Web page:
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Public safety restrictions resulting from the COVID-19 pandemic required restaurants to significantly reduce their indoor seating capacity. Restaurants quickly felt the effects of these restrictions as they struggled to remain open, and residents grappled with a desire to be social and dine out while remaining safe. With limited space in the city to expand restaurant square footage and accommodate more people, the City of Toronto looked for a solution to support businesses while ensuring residents, restaurant operators and staff remained safe.
We provided critical support to restaurants and Business Improvement Areas (BIAs) across Toronto, developing a strategy that would allow them to reopen safely, with increased capacity. Our curb lane roadway strategy allowed for additional patio seating outdoors while respecting capacity and social distancing requirements.
Our placemaking experts and transportation engineers conducted site visits throughout the city to identify candidates for the program and map lane closures. Working closely with local restaurants and BIAs, we undertook a collaborative design process to map and produce technical drawings outlining the specifications of curb lane closures. After the sites had been determined and approved, we developed a traffic control plan that considered public transit stops, emergency services and traffic lights to allow restaurants to open safely with minimal disruption to traffic flow. Following the City’s approval of the plan, it was immediately executed, and we were engaged to provide coordination services to support more than 350 lane closures.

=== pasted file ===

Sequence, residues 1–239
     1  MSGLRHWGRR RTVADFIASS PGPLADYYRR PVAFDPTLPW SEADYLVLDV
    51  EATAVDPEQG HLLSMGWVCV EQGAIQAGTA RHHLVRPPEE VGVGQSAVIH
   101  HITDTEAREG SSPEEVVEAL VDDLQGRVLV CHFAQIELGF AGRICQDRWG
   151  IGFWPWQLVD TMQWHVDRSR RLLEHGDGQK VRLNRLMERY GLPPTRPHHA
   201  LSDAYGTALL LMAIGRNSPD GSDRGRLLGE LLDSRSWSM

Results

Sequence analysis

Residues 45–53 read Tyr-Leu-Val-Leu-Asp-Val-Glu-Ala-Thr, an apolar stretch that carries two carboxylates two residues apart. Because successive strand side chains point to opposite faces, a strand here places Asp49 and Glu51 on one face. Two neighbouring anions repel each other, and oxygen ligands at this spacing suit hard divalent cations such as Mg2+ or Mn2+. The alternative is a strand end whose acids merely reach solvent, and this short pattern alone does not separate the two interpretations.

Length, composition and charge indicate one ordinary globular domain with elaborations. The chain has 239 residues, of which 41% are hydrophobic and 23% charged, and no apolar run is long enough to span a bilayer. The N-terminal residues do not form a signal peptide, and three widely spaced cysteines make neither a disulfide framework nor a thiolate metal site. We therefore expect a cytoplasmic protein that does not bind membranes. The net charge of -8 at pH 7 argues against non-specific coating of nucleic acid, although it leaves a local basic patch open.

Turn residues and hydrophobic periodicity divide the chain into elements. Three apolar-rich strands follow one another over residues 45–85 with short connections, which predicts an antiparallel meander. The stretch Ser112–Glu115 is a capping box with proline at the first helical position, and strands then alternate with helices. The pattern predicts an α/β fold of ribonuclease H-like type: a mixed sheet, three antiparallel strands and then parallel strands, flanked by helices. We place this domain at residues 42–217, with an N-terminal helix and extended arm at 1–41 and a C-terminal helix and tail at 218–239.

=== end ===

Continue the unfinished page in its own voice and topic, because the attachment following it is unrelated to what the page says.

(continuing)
Our CaféTO strategy and plan brought immediate relief to more than 500 restaurant owners struggling to remain open and retain staff throughout the pandemic. The Café TO plan allowed restaurants to increase their seating and serving capacity while complying with public safety regulations.
During the pandemic, strict provincial health regulations aimed to keep people safe meant residents and visitors lost the ability to socialize with one another. The CaféTO project offered everyone a means to safely interact with one another and support local businesses. Initially launched in the summer of 2020, the program has returned to the city of Toronto every year since. The project is a great example of how public space can be reimagined to fit the needs of the people in times of crisis.